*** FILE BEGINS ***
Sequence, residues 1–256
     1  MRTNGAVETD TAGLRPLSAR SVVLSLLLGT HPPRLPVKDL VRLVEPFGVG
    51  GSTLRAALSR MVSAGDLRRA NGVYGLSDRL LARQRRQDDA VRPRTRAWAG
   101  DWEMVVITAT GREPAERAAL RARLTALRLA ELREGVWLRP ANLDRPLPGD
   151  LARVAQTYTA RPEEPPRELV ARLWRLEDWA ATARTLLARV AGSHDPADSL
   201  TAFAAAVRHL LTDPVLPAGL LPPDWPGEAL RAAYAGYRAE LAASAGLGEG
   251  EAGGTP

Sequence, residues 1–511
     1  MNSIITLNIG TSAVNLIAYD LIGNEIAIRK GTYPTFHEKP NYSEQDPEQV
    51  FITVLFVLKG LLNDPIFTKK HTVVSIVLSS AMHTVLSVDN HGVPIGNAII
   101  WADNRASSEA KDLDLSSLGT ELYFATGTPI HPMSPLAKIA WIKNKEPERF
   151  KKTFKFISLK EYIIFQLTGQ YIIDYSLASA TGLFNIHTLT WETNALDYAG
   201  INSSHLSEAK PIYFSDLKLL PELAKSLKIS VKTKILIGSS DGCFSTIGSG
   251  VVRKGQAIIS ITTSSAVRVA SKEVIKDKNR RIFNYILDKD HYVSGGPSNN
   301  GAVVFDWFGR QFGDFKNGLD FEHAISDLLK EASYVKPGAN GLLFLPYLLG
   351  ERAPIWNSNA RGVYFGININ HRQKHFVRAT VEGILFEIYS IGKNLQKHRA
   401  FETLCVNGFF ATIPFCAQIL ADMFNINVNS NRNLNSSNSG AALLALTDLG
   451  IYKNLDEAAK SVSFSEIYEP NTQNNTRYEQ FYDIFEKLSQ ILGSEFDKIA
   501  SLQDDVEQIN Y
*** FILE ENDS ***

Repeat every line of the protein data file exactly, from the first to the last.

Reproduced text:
Sequence, residues 1–256
     1  MRTNGAVETD TAGLRPLSAR SVVLSLLLGT HPPRLPVKDL VRLVEPFGVG
    51  GSTLRAALSR MVSAGDLRRA NGVYGLSDRL LARQRRQDDA VRPRTRAWAG
   101  DWEMVVITAT GREPAERAAL RARLTALRLA ELREGVWLRP ANLDRPLPGD
   151  LARVAQTYTA RPEEPPRELV ARLWRLEDWA ATARTLLARV AGSHDPADSL
   201  TAFAAAVRHL LTDPVLPAGL LPPDWPGEAL RAAYAGYRAE LAASAGLGEG
   251  EAGGTP

Sequence, residues 1–511
     1  MNSIITLNIG TSAVNLIAYD LIGNEIAIRK GTYPTFHEKP NYSEQDPEQV
    51  FITVLFVLKG LLNDPIFTKK HTVVSIVLSS AMHTVLSVDN HGVPIGNAII
   101  WADNRASSEA KDLDLSSLGT ELYFATGTPI HPMSPLAKIA WIKNKEPERF
   151  KKTFKFISLK EYIIFQLTGQ YIIDYSLASA TGLFNIHTLT WETNALDYAG
   201  INSSHLSEAK PIYFSDLKLL PELAKSLKIS VKTKILIGSS DGCFSTIGSG
   251  VVRKGQAIIS ITTSSAVRVA SKEVIKDKNR RIFNYILDKD HYVSGGPSNN
   301  GAVVFDWFGR QFGDFKNGLD FEHAISDLLK EASYVKPGAN GLLFLPYLLG
   351  ERAPIWNSNA RGVYFGININ HRQKHFVRAT VEGILFEIYS IGKNLQKHRA
   401  FETLCVNGFF ATIPFCAQIL ADMFNINVNS NRNLNSSNSG AALLALTDLG
   451  IYKNLDEAAK SVSFSEIYEP NTQNNTRYEQ FYDIFEKLSQ ILGSEFDKIA
   501  SLQDDVEQIN Y